The Business Rules Perspective

“Business Rules” is not simply a technology, it is a fundamentally different approach to systems engineering.

Years ago, when I first heard the term “business rules,” I remember thinking that we had some up with a new buzzword meaning the same thing as what we had been calling “requirements” since COBOL crawled out of the mud.  That impression is not entirely wrong, but it does not cut to the heart of the issue.

The heart of the issue is that software developers tend to use tools that already are tied to some technology.  Database designers used ERDs (in whatever notation) to define their database objects.  UML advocates used some set of UML tools to help define parts of their object-oriented systems.  In both cases, the technology drove the design of the notation.

Even current self-proclaimed business rules tools fall into the same trap.  They assume that you have a database as well as some kind of technology and then create a grammar to describe (in mostly user-friendly terms) what some subset of the system should do. This is not really a “business rules” approach.

The business rules approach means that you do not think about technology at all. You are totally focused on the business and are trying to capture what the business does and how your system needs to behave to support it.  While capturing business rules, you should not even be thinking what database (if any) you will be using.  It should not matter whether you will ultimately be building in JavaEE, .Net, or even client/server vs. web.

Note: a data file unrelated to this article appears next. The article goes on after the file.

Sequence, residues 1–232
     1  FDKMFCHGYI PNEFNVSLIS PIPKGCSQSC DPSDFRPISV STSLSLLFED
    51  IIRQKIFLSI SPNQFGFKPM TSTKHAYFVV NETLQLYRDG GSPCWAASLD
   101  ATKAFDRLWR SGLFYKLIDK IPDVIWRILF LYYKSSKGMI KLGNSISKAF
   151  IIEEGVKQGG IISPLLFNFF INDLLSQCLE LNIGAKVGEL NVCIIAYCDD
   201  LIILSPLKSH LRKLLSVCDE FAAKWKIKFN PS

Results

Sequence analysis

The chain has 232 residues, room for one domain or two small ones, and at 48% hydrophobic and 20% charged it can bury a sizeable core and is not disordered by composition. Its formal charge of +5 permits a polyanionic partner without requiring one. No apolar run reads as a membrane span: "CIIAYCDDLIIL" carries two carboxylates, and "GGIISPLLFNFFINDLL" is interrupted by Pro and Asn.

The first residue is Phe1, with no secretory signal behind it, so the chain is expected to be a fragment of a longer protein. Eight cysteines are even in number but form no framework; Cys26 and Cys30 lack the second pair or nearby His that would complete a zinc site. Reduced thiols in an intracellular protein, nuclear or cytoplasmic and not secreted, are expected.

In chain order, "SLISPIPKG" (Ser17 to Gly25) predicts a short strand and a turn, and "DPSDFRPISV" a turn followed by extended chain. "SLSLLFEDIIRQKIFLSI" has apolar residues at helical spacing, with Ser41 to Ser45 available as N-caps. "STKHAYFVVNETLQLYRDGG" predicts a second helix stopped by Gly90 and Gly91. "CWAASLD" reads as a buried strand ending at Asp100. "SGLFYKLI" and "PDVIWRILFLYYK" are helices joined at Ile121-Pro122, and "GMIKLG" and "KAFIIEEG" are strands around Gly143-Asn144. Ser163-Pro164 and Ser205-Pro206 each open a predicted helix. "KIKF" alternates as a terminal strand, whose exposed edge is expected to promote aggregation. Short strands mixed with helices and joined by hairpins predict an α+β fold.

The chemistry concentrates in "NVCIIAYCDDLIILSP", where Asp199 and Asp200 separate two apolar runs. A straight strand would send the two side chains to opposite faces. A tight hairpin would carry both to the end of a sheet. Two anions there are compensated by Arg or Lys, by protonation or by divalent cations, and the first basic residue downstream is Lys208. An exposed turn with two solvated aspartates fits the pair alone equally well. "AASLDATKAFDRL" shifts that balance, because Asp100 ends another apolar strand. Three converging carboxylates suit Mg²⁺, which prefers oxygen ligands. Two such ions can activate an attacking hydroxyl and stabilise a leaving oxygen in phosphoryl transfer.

The analysis people play this game pretty well, but they do not produce anything of much value.  Generating a few hundred (or even a few thousand) natural language business rules is only scratching the surface of a system description.

The problem is that there are a few hundred thousand business rules in any significant system. The issue is how to manage such a huge number of rules.  English language sentences quickly turn into unmanageably huge documents.  Formal, mathematical looking grammars generate gigantic lists of rules that are of little value for building a system.

Because of the huge number of rules there are a few obvious conclusions:

  1. Natural language sentences will never work. We need something more compact and efficient.
  2. We need tools that allow us to drill down to more detailed rules from a higher level.

Once we have our rules, only then do we ask what to do with them.  The articulation of the rules is independent of the physical implementation of the rules.

Tomorrow, I will discuss the rules architecture.

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